Publications by authors named "Peter Fsadni"

18 Publications

  • Page 1 of 1

Rituximab therapy in a patient with steroid-refractory bird fancier's lung.

BMJ Case Rep 2020 Dec 22;13(12). Epub 2020 Dec 22.

Department of Respiratory Medicine, Mater Dei Hospital, L-Imsida, Malta.

A 62-year-old woman presented with a 3-month history of shortness of breath on exertion and dry cough. On examination, she was noted to have fine end-inspiratory crepitations over the upper zone of the lungs. Pulmonary function tests (PFTs) showed a restrictive defect. Initial chest radiography revealed diffuse reticular interstitial shadowing while high-resolution CT scan of the thorax showed fibrotic changes. Avian precipitins were also highly positive for pigeons, parrots and budgerigars. Taking into account these results, the patient was diagnosed with hypersensitivity pneumonitis. Antigen avoidance, oral glucocorticoids and azathioprine achieved an initial improvement in PFTs and symptoms; however, the patient still deteriorated, requiring long-term oxygen therapy. While working the patient up for lung transplantation, rituximab was given to good effect (acting as a bridging therapy) as it achieved symptomatic relief and stabilisation of her PFTs.
View Article and Find Full Text PDF

Download full-text PDF

Source
http://dx.doi.org/10.1136/bcr-2020-237232DOI Listing
http://www.ncbi.nlm.nih.gov/pmc/articles/PMC7757452PMC
December 2020

Haemoptysis following shallow breath-hold diving in a cannabis user.

BMJ Case Rep 2020 Jun 9;13(6). Epub 2020 Jun 9.

Respiratory, Mater Dei Hospital, Msida, Malta.

We report the first case of a healthy 24-year-old male with a 6-year history of regular cannabis use, who presented with haemoptysis after a shallow 3 m breath-hold dive. Blood investigations showed mild neutrophilia. CT thorax revealed focal ground-glass changes in the superior segment of the lower lobe. With a suspicion of pneumonia, oral antibiotics were initiated to poor effect. Through bronchoscopic visualisation and lavage, a diagnosis of diffuse alveolar haemorrhage was established. The clinical course was benign with resolution of symptoms and changes on CT thorax within 6 weeks of stopping marijuana use. Since all other causes of haemoptysis were excluded, pathophysiology was attributed to cannabis-induced lung parenchymal damage, exacerbated by a shallow breath-hold dive. To ensure appropriate management, a clinician should therefore have a high index of suspicion for drug use and other factors known to cause chronic lung damage in whom other causes of diffuse alveolar haemorrhage are excluded.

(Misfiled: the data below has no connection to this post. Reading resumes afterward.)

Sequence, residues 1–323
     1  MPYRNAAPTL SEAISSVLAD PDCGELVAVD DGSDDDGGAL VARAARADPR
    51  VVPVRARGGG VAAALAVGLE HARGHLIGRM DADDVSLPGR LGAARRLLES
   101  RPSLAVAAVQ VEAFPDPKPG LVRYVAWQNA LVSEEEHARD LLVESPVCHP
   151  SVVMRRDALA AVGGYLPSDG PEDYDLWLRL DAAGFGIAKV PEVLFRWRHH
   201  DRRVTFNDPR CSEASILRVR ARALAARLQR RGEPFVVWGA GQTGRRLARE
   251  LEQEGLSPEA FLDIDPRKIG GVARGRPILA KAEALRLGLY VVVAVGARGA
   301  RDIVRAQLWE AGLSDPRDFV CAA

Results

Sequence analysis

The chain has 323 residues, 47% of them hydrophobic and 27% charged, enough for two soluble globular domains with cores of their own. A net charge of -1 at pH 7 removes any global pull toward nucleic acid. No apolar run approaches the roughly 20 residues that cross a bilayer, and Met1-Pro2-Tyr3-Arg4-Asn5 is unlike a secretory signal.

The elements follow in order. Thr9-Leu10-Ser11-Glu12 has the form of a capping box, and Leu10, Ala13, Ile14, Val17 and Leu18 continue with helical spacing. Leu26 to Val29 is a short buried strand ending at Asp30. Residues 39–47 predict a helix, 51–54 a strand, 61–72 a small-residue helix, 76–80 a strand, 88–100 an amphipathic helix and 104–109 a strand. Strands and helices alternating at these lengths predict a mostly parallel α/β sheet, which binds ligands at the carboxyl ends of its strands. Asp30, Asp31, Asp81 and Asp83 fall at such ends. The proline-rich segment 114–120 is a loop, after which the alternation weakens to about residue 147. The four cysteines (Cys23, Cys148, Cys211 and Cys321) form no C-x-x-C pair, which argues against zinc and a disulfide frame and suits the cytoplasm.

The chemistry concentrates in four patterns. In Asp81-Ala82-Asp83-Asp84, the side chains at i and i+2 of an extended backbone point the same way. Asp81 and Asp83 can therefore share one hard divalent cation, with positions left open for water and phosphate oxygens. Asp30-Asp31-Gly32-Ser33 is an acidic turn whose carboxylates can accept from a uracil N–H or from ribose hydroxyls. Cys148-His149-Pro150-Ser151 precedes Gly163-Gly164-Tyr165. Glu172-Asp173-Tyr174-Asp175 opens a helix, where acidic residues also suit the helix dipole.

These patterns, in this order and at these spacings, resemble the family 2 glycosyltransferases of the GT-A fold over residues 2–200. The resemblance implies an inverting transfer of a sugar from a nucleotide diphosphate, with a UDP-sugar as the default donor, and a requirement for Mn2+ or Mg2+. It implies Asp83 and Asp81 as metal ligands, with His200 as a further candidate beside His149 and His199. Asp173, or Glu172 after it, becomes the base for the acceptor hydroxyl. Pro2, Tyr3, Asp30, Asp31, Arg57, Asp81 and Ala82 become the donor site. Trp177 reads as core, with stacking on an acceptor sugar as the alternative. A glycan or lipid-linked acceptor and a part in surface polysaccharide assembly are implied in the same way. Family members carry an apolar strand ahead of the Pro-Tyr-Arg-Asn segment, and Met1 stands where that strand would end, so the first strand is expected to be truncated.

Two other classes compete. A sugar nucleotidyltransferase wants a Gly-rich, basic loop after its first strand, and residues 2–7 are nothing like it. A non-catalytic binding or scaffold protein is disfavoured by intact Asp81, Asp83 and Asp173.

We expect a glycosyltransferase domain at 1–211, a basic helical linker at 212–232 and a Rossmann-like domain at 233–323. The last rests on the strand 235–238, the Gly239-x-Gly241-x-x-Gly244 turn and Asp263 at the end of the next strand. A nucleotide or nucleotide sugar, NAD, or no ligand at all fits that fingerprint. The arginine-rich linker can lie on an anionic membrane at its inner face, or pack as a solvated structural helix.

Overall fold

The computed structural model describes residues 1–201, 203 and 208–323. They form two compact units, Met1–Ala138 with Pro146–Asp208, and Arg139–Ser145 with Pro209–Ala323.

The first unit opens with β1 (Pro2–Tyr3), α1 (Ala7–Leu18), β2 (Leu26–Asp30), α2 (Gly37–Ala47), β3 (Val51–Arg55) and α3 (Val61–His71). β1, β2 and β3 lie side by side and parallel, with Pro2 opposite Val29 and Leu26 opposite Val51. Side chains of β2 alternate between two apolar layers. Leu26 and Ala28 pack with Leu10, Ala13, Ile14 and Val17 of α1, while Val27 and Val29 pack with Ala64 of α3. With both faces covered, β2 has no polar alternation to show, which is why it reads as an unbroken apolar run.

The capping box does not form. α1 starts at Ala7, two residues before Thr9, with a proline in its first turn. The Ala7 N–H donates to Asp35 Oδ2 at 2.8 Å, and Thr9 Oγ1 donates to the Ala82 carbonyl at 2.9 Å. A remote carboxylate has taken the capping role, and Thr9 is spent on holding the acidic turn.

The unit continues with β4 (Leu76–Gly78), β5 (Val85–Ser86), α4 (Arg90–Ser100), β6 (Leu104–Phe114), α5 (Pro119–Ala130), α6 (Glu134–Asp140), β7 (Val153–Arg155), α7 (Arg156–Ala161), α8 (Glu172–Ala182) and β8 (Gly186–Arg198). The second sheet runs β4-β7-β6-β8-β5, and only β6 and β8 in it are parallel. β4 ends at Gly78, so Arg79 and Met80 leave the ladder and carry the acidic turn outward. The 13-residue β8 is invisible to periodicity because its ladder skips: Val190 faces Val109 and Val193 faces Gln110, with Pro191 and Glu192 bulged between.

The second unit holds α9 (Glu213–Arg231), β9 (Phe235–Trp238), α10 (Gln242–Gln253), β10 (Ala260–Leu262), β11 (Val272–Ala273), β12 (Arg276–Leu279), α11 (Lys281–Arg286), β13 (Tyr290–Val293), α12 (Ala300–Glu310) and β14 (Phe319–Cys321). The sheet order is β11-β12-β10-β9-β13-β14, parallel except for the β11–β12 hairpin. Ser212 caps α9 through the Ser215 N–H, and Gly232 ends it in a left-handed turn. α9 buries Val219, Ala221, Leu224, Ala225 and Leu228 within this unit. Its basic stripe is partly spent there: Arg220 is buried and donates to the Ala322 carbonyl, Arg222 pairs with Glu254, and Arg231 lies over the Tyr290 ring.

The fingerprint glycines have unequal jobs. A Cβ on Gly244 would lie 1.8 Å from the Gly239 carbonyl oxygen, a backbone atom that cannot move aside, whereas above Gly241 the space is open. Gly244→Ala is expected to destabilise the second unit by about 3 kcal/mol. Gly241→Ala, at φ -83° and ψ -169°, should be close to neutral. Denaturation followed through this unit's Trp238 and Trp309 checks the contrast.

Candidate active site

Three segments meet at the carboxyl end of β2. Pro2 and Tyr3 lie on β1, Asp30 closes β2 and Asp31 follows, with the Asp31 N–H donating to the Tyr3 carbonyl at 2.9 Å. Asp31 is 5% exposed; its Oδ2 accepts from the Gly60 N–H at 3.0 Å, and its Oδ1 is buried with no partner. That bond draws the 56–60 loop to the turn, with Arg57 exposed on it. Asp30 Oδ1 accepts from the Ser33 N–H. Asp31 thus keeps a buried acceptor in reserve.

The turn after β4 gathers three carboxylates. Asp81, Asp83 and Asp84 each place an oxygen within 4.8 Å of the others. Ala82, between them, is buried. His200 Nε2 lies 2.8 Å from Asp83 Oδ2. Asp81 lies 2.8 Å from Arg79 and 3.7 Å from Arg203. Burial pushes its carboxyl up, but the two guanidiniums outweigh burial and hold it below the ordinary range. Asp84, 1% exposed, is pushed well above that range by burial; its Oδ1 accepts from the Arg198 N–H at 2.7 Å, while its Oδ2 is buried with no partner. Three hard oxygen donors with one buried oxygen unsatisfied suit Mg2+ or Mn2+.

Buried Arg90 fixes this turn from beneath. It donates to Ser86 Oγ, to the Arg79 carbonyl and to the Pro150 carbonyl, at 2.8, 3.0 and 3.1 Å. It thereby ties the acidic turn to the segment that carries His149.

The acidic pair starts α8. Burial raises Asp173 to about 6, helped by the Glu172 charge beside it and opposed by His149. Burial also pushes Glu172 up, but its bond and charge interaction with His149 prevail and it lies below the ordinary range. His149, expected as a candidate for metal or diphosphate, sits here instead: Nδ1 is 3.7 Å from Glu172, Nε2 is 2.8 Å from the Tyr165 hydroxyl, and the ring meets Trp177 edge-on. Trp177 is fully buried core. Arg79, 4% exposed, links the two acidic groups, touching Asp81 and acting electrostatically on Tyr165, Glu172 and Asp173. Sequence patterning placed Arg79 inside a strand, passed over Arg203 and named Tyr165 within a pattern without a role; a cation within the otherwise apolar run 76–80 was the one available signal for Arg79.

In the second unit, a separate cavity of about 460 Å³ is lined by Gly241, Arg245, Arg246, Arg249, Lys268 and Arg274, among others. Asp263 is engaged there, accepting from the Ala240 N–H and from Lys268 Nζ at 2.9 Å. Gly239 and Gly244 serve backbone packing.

View Article and Find Full Text PDF

Download full-text PDF

Source
http://dx.doi.org/10.1136/bcr-2020-234921DOI Listing
http://www.ncbi.nlm.nih.gov/pmc/articles/PMC7287494PMC
June 2020

Pulmonary Rehabilitation in patients with Interstitial Lung Disease: The effects of a 12-week programme.

Respir Med 2019 01 23;146:49-56. Epub 2018 Nov 23.

University of Malta, Msida, Malta. Electronic address:

Background: The inclusion of Pulmonary Rehabilitation as part of the management of Interstitial Lung Disease, although being highly recommended in most recent guidelines, still has limited studies exploring the outcomes from such an intervention. The present study aims to contribute to the available literature by investigating the effects of a high intensity, 12 week PR programme on functional and quality of life measures in patients with a diagnosis of Interstitial Lung Disease.